Many patients who present early are golfers and sports people who are not in the habit of wearing sunglasses. The general rule is that you should always wear good sunglasses whenever you go out during daylight hours. Symptoms of cataract include double vision, cloudy or blurry vision, difficulty seeing in poorly lit spaces, and when colours seem faded. Replacement of the eye’s cloudy lens with an intraocular lens (IOL) implant through cataract surgery usually restores vision in these cases.

If you have diabetes, you need to be screened regularly for Diabetic Retinopathy, which is a condition where the tiny blood vessels in the retina (back of the eye) are damaged due to diabetes. People with retinopathy may not have any problems seeing at first. But if the condition gets worse, they can become blind. To help prevent retinopathy, people with diabetes should avoid smoking, keep their blood pressure under control, and keep their blood sugar at an even level.

Another common cause is Glaucoma, a condition where an increase in pressure inside the eye impairs vision by damaging the optic nerve. Any damage to the optic nerve is irreversible so it is important to find out if there is any history of glaucoma in your family as the condition is hereditary. Early detection and treatment is crucial or the vision will gradually deteriorate over time to a small tunnel vision, and then blindness can occur.

Most people may also find it surprising to note that injury is one of the commonest cause for vision loss. Examples like getting hit with a hockey ball or a shuttlecock, or children playing with sharp objects, and injuries from car accidents are common factors. These incidences are potentially devastating and a drastic accident can cause blindness.

Macular degeneration is a gradual deterioration of the macula (centre point at the back of the eye), which is the most sensitive region of the retina. The condition leads to progressive loss of central vision (the ability to see fine details directly in front). Excessive exposure to sunlight and smoking can increase the risk for age-related macular degeneration. Symptoms may include increased difficulty reading or watching TV, as vision becomes distorted and straight lines appear wavy or objects look larger or smaller than normal.

In children, amblyopia or “lazy eye” in early childhood can drastically reduce vision in an eye if the weak eye is not corrected. It is important to detect and treat the lazy eye before the age of 7 or 8 years, before the “vision center” in the brain completes development.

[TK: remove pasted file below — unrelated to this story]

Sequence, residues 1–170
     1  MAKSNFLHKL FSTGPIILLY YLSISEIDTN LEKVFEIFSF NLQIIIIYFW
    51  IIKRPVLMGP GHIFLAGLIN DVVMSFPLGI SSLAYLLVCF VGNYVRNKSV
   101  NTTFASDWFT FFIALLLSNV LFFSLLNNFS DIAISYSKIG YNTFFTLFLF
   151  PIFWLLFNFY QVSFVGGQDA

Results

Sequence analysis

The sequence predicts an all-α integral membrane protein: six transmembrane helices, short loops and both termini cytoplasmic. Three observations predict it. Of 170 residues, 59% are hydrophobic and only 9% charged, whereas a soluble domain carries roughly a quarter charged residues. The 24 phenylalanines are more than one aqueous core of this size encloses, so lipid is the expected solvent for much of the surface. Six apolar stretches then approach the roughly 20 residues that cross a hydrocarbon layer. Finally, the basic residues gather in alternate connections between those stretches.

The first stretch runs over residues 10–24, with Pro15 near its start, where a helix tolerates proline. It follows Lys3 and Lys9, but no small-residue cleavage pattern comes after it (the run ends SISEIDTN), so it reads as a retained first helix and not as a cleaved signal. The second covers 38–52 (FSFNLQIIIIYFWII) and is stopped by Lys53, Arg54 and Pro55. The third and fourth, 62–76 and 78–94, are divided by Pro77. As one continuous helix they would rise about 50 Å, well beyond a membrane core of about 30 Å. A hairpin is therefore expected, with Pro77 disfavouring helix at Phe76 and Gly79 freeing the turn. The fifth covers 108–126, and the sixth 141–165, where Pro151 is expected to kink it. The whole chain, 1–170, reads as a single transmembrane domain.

For more information, call Gill Eye Specialist Centre at Hospital Fatimah (05-545 5582) or email gilleyecentre@dr.com.

Dr S.S. Gill

Drooping Eyelid in Old Age

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Resident Consultant Ophthalmologist, Hospital Fatimah Ipoh
Dr S.S. Gill

Eye Health

Ipoh Echo’s EYE HEALTH series continues with Consultant Eye Surgeon Dr S.S. GILL talking to us about DERMATOCHALASIS.  

A common kind of droopy eyelid seen in old age is called dermatochalasis. If you look carefully, you will find that no one is really spared from this as they age. It does happen to almost everyone to a lesser or greater degree as they move onwards into their seventies and eighties. In dermatochalasis the eyelids appear to sag with excess “baggy” skin surrounding them that contributes to the typical droopy eyelid in old age.

       Dermatochalasis will almost definitely affect a person’s appearance, making a person look “sleepy”. Droopy eyelids are generally referred to as Ptosis (pronounced “toe-sis”) which is the general term for a droopy eyelid (discussed in the last issue).

Why does it happen?

In general, a person’s skin tends to sag with age, losing it’s’ elasticity. Skin is made up of components called elastin and collagen. The COLLAGEN is a structural protein that functions by giving the skin turgor, support or form. The ELASTIN works by allowing the skin to stretch and contract to its original state. This stretching and contracting of eyelid skin occurs every time you blink your eyes. With aging there is an overall loss in amount and quality of this collagen and elastin in the eyelids, making them sag or droop. Gravity of course does not help and hastens the process of eyelid sagging along with genetics, weight changes, and exposure to the sun.

Dr S.S. Gill
Upper pic shows what dermatochalasia will look like when compared to normal (lower pic) after blepharoplasty

Dr S.S. GillSymptoms

Apart from the cosmetic appearance of a person looking tired that results from dermatochalasis, a patient may complain of some visual difficulties. These visual difficulties may present as loss of vision in the upper part of the field of vision, reading difficulties and loss of peripheral vision when driving if the sagging eyelids overhang the side of the eyes. When the vision compromise occurs, the condition should be treated. Some patients compensate unconsciously by using the muscles of the eyebrows to lift the affected eyelids up. This effort may cause frequent headaches.

Treatment

May be divided into SURGICAL and NON-SURGICAL. Surgical treatment is of course a more permanent solution to the problem.

Non-surgical options